But Bad Elements‘ most fascinating aspect is Buruma’s attempt to breakdown “the Chinese Myth,” a key tenant of which is that the Chinese are just not made for or currently prepared for democracy; some form of an authoritarian rule is necessary.
Buruma begins this journey to deconstruct this myth in Singapore, a Chinese-based society where the post-colonial government took and maintained power in the most vicious of ways. For those who have never been to Singapore or know little of the details of its history, this chapter is a must read. Singapore is a scary society that holds tight to the belief that this type of rule is necessary in a “Confucian” and “Asian-valued” society. But even with such pressure to conform and unfathomable methods of torture, there are still those in Singapore who choose to dissent. Their very existence in Singapore demonstrates that the idea that democracy is too alien a notion for the Chinese is nonsense.
The experiences of Taiwan and Hong Kong further demonstrates that the Chinese can have democracy, with Taiwan offering the best hope that democracy can succeed in a Chinese society. While Taiwanese democracy is often punctuated with physical assaults within parliament, as Buruma shows, after a period of abusive rule, it has become a rather thriving and real democracy. Hong Kong is similar except that its reversion back to the Mainland and the change in leadership to more Mainland, business-focused executives threatens that democracy. In fact, in Hong Kong, the Chinese myth is beginning to reassert itself, with some prominent leaders stating that perhaps the Chinese people cannot handle full democracy.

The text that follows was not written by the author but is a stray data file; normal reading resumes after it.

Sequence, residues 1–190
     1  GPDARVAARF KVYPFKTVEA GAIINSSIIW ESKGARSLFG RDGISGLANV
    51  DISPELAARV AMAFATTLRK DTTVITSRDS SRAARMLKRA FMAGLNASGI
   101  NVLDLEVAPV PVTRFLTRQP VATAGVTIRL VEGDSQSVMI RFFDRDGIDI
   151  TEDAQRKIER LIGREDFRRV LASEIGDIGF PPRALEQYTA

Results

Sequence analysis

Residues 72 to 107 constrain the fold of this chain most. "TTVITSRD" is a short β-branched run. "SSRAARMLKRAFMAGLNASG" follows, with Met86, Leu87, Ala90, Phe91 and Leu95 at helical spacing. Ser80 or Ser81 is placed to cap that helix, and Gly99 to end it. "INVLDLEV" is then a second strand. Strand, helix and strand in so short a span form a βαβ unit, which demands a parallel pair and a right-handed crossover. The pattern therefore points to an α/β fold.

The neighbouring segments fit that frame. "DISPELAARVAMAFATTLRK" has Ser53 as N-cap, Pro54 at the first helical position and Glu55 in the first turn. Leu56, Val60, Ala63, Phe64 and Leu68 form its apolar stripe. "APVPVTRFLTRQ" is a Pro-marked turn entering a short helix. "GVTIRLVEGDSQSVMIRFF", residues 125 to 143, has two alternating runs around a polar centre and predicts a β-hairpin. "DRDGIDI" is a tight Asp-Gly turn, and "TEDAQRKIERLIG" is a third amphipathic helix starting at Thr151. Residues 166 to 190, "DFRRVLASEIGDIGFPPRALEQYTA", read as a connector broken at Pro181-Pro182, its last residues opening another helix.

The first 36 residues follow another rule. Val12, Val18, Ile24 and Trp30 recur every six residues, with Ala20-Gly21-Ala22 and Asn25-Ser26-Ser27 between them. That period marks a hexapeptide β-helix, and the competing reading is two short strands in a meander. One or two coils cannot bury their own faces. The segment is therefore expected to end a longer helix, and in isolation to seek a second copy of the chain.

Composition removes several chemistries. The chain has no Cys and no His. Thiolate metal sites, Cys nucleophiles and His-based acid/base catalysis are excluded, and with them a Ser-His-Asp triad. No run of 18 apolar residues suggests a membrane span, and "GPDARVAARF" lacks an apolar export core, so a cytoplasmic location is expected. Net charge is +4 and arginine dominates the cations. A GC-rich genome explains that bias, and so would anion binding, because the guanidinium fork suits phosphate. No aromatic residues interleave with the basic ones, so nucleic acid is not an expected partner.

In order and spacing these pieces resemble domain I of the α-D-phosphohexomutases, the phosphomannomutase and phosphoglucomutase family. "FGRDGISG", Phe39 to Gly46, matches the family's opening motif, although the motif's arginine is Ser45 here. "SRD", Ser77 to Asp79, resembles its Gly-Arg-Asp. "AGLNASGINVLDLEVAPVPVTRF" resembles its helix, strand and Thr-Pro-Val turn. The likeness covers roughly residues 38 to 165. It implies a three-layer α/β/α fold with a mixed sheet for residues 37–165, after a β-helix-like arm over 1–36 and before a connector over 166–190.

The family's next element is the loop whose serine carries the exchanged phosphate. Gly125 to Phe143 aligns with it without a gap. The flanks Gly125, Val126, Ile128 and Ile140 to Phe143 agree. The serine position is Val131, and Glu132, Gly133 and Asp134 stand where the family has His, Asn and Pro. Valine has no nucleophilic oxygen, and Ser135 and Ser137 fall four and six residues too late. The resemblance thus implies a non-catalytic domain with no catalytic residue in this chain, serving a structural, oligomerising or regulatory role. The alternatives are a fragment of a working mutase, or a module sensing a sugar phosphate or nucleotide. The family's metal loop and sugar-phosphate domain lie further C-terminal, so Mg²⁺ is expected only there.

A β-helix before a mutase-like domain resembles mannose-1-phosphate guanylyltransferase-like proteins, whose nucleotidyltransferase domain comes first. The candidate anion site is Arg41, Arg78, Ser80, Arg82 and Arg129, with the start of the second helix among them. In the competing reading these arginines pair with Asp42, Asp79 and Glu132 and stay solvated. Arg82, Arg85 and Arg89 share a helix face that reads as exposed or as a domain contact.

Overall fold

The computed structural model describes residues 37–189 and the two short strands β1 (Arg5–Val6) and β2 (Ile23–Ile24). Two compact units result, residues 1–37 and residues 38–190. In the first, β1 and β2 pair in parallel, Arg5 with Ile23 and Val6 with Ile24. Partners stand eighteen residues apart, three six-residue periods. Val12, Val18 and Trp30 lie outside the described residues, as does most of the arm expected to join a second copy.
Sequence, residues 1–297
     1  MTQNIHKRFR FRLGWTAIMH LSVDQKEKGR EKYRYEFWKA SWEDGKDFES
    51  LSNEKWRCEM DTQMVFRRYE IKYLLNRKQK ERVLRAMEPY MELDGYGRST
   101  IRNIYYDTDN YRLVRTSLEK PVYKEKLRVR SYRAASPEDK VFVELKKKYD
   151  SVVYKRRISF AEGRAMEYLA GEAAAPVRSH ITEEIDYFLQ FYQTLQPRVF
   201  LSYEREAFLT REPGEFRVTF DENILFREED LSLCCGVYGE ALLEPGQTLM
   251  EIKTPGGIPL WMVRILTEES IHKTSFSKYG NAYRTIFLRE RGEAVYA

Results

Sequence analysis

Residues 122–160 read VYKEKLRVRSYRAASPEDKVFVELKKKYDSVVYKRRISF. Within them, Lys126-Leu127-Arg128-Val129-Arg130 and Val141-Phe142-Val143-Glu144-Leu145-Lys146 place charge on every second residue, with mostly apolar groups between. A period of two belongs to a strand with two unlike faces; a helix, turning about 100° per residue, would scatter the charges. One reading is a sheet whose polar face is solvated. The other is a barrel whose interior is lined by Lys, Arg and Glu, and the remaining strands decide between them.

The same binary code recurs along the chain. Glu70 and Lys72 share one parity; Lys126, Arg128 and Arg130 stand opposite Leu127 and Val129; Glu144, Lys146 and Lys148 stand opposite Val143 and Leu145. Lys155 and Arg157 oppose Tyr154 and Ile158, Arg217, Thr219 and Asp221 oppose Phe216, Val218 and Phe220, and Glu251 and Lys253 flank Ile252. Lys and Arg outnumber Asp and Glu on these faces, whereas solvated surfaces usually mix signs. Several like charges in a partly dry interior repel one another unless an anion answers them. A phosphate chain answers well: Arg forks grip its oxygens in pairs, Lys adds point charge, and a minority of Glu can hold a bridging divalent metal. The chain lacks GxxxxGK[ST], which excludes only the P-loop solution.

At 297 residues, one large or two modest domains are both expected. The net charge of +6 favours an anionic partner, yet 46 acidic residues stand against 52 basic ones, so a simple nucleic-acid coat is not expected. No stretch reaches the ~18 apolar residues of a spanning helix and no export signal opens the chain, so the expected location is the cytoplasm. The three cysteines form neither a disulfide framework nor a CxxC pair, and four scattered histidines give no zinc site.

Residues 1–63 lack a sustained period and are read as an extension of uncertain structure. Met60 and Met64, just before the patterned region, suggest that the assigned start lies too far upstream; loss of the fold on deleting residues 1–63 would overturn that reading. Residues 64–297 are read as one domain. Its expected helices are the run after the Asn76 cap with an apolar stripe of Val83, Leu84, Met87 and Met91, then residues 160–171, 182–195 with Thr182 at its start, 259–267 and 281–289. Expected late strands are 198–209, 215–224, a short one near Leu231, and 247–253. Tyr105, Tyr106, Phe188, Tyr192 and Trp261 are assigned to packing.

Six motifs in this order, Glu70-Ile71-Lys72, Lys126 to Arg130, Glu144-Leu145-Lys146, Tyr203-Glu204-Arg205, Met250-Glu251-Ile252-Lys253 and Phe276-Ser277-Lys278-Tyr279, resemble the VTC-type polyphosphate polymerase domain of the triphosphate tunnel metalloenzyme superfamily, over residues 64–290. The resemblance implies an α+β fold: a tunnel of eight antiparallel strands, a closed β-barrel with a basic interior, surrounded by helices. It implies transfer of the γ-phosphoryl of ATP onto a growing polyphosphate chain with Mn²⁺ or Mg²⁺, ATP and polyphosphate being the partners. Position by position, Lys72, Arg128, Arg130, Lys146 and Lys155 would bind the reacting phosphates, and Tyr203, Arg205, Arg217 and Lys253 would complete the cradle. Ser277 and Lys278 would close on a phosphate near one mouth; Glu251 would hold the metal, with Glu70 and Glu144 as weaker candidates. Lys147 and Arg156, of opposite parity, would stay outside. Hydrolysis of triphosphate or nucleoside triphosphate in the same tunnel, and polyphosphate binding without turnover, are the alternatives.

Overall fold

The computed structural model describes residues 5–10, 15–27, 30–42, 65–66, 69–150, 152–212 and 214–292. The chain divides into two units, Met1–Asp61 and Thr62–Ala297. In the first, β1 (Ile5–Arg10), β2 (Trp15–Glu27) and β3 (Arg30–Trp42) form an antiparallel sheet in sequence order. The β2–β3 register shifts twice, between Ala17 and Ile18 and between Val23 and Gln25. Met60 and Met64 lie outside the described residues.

Buruma ends his journey of destroying the Chinese myth by visiting the Mainland where shockingly, the belief in the need for a strong
government is not just prevalent amongst China’s intellectuals (who usually are the dissidents), but is a strongly held. It is Buruma’s cab driver who most cogently expresses the desire for democracy, demonstrating that while the intellectual class believes China’s masses are not ready for democracy, those masses sure think they are.
Although Bad Elements is 12 years old, it is certainly not dated and raises issues that are still pertinent. Twelve years later, the Chinese Myth is still very much alive and not just among the Chinese; at times Western businesses prefer to turn a blind eye to the Chinese government’s choice of leadership and instead are easily lulled by the belief of the Chinese Myth.
Buruma believes that democracy is inevitable in China and that it must be brought more quickly than the current (as of 2001) intellectuals appear to want. Even as early as 2001, the Mainland intellectuals, perhaps reminded of what happened in Tiananmen Square, sought to more gradually change China.